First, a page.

Slightly more than 47% of employers in Orchards signed service contracts with their domestic workers in 2007. This figure stood at only 10.6% for Soshanguve. In Langenhoven Park, this figure improved from 30.3% in 2001 to 75.8% in 2006 (Blaauw & Bothma, 2010, p. 5; Bothma & Campher, 2003, p. 199).

Discussion

The purpose of this study was to provide a microanalysis of the effects of, and levels of compliance with, the regulations for domestic workers in two distinctly different residential areas in Pretoria. This fills an important gap in the current literature on the topic and is, to the best of the researchers’ knowledge, the first comparative study of its kind in South Africa.

This study shows that areas in close proximity to each other show significant differences in wages and the non-wage working conditions of domestic workers in South Africa. This is a manifestation of the differences, for different areas in the same metropolitan region, in complying with the legal requirements of the Department of Labour in South Africa.

The analysis of the demographic characteristics, employment structure and characteristics, wage or salary levels and working conditions of domestic workers in Orchards and Soshanguve reaffirms the results of the previous research of Blaauw and Bothma (2010) as well as that of Bothma and Campher (2003). Domestic work tends to be an occupation for middle-aged women in South Africa. One may attribute this to the fact that young people are becoming more skilled because of compulsory school attendance. In addition, domestic work has always been an employment opportunity for the unskilled, as the data on the educational level of domestic workers suggests. The large number of domestic workers in Orchards and Soshanguve without any formal education confirms this.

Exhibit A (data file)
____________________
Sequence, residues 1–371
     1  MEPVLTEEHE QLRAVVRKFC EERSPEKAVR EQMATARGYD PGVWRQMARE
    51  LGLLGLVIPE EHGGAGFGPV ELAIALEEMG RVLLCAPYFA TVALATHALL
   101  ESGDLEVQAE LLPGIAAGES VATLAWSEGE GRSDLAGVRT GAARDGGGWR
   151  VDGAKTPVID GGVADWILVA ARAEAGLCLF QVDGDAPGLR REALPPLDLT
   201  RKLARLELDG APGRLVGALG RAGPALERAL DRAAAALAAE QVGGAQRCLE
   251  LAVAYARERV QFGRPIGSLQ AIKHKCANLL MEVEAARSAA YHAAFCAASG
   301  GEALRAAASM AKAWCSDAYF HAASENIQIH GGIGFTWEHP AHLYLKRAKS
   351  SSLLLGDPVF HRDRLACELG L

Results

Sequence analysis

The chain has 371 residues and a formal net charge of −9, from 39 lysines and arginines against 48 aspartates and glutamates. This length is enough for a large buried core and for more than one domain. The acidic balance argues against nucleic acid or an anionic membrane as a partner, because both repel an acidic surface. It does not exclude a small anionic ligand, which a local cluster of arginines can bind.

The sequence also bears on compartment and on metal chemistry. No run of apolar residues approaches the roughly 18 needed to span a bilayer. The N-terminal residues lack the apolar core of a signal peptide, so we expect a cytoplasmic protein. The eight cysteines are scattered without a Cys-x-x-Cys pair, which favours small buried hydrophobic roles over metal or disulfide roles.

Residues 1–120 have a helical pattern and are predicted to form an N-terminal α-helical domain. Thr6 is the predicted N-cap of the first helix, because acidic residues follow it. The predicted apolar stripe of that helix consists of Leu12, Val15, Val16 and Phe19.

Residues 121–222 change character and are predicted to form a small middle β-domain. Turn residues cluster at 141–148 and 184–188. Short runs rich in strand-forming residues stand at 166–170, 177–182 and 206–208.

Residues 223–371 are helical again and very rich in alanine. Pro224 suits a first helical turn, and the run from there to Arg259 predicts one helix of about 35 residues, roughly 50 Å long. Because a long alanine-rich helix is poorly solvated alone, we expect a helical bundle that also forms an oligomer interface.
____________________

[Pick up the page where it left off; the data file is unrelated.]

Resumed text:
A pleasing aspect of the analysis of the employment characteristics of domestic workers in the two areas is that most employers adhere to the legislation that specifies the maximum number of working hours a day. Most domestic workers in Orchards and Soshanguve work for seven or more hours a day. They work a maximum of nine hours a day if they work for five days a week and a maximum of eight hours a day if they work more than five days a week. In Langenhoven Park, the number of hours worked per day did not change significantly between 2002 and 2006.

Almost all employers in Orchards employed their domestic workers for five or more days a week, with an average number of 7.13 hours worked per day. This suggests that domestic workers in Orchards work full-time. On the other hand, Soshanguve shows a greater demand for part-time domestic services. This corresponds well with the findings in other areas of the country. In Langenhoven Park, Bloemfontein, there has also been a significant shift from full-time to part-time domestic work since 2001 (Blaauw & Bothma, 2010).

A significant difference between Orchards and Soshanguve is that most domestic workers in Orchards worked for only one employer in 2007. The figure in Soshanguve is almost half that in Orchards, while in Langenhoven Park it is almost a third. The reason for this might be that the affordability of domestic workers differs between the areas. If households cannot afford to employ domestic workers full-time, domestic workers try to supplement their income by working for more than one employer. On the other hand, domestic workers might prefer to work part-time because the minimum prescribed hourly wages for part-time workers are higher than that for full-time workers. This finding is also consistent with that of Blaauw and Bothma for Langenhoven Park (2010).